Confessions on the 7:45 #BookReview

Lisa Unger | Pub: Oct 2020 | 368 pp

I thought this would be one of those, throw everything at you but the kitchen sink thrillers, but actually, it was very nuisanced and only threw everything but the kitchen sick, in well constructed layers. 🤷🏾‍♀️ So there.

Though not told in this sequence, this story starts with a definite conman and maybe murderer. His con is to separate rich, lonely women in small towns out of their money after they’ve fallen in love with him. He’s cold-blooded but not without his soft spots. On two occasions he isnt able to walk away from the children of his victims, daughters that would otherwise be abandoned if he didn’t take them in. He creates a small home and ‘family’ with the girls, teaching them everything he knows. The ‘sisters’ Wendy and Geneva, have to make a way for themselves after he is no longer in the picture.

Our protagonist, Selena Murphy, is the sisters latest target. Her lifes a mess, works a struggle and she’s discovered her lackluster husband screwing the best babysitter she’s ever had, on the babycam. Selena realizes her marriage may be over because she’s more upset about loosing the babysitter than her husband. One night, after a particularly rough day, she overshares with a women she sits next to on the train. Note: never over share with random people!

Suddenly, the babysitter disappears and the police strongly suspect her or her husband may have played a role. As Selenas life continues to unravel, she discovers she may be stronger than she thinks.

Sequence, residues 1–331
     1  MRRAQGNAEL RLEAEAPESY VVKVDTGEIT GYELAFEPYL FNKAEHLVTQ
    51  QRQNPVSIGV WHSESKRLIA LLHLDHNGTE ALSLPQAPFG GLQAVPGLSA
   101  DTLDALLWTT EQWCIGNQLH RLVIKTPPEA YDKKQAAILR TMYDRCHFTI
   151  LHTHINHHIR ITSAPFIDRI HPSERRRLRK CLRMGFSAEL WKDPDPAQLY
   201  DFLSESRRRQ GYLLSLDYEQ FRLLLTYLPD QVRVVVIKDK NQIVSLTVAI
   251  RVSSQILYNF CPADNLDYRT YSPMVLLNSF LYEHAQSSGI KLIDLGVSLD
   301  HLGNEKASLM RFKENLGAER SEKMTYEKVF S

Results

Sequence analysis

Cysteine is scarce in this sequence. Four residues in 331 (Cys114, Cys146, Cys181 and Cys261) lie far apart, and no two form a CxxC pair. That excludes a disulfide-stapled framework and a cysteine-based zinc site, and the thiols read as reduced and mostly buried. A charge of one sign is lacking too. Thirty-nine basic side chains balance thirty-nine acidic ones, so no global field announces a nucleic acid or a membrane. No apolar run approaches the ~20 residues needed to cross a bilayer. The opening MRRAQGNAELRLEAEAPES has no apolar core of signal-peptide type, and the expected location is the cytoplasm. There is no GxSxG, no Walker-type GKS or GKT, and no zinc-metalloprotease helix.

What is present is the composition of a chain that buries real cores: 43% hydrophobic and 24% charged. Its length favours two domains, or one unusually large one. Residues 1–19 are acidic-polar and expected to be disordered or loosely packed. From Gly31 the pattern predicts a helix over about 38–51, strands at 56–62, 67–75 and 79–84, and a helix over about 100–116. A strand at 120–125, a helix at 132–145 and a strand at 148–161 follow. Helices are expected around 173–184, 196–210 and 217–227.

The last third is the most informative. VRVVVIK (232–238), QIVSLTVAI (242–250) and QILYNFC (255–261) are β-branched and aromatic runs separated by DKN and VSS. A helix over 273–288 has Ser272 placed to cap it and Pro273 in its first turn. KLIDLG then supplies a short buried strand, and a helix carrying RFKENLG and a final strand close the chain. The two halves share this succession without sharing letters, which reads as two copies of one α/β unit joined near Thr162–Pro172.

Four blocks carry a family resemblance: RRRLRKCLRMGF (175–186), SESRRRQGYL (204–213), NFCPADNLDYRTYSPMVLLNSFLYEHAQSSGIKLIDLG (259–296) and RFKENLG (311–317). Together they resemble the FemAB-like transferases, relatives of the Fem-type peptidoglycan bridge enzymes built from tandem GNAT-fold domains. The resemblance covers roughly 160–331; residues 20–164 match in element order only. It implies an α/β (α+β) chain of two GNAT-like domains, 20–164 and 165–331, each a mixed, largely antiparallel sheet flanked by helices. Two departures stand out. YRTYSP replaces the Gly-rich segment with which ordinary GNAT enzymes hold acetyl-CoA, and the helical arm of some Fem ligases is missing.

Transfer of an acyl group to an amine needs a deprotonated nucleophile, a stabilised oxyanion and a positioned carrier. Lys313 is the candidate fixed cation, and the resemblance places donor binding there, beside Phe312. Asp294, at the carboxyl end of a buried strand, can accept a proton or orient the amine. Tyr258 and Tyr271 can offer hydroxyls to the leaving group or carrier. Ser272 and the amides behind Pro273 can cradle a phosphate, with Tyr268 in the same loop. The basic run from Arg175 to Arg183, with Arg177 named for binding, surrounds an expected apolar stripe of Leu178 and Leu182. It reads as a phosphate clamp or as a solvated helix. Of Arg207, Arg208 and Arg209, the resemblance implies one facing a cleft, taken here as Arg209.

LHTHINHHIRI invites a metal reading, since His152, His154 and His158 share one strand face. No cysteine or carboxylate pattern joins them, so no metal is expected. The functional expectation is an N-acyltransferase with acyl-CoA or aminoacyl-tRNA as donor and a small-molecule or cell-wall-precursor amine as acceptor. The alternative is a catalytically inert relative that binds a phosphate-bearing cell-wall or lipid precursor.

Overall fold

Pros: Eh, its a throw everything at you thriller. If you like that kind of thing, you’ll enjoy this for sure. The characters are interesting and so is the story. At least the writing is done well. There are several plot lines and I was never confused or felt like there were too many characters. Theres no wasted space, each plot line edges you closer to the finish.

Cons: You’d think it would be unpredictable but, it really isn’t. It ends the way you think and the journey comes up short on making it worth it.

I kept reading for Selena and her girls. I liked Selena, she was in a shit marriage and she didn’t hide from it. Even revisited the idea of being with the man she turned down. She was a good practical character.

Decent read with very few triggers so long as your mother wasn’t mysteriously murdered when you were a teen and you found yourself whisked off to some remote location. Or, if you husband isn’t fucking the babysitter. 🙅🏾‍♀️🙄😜 Goodbook 8/2021.

If you like thrillers and want to be thrilled…check out:

The Wife by Alafair Burke

The Lies We Told by Camilla Way

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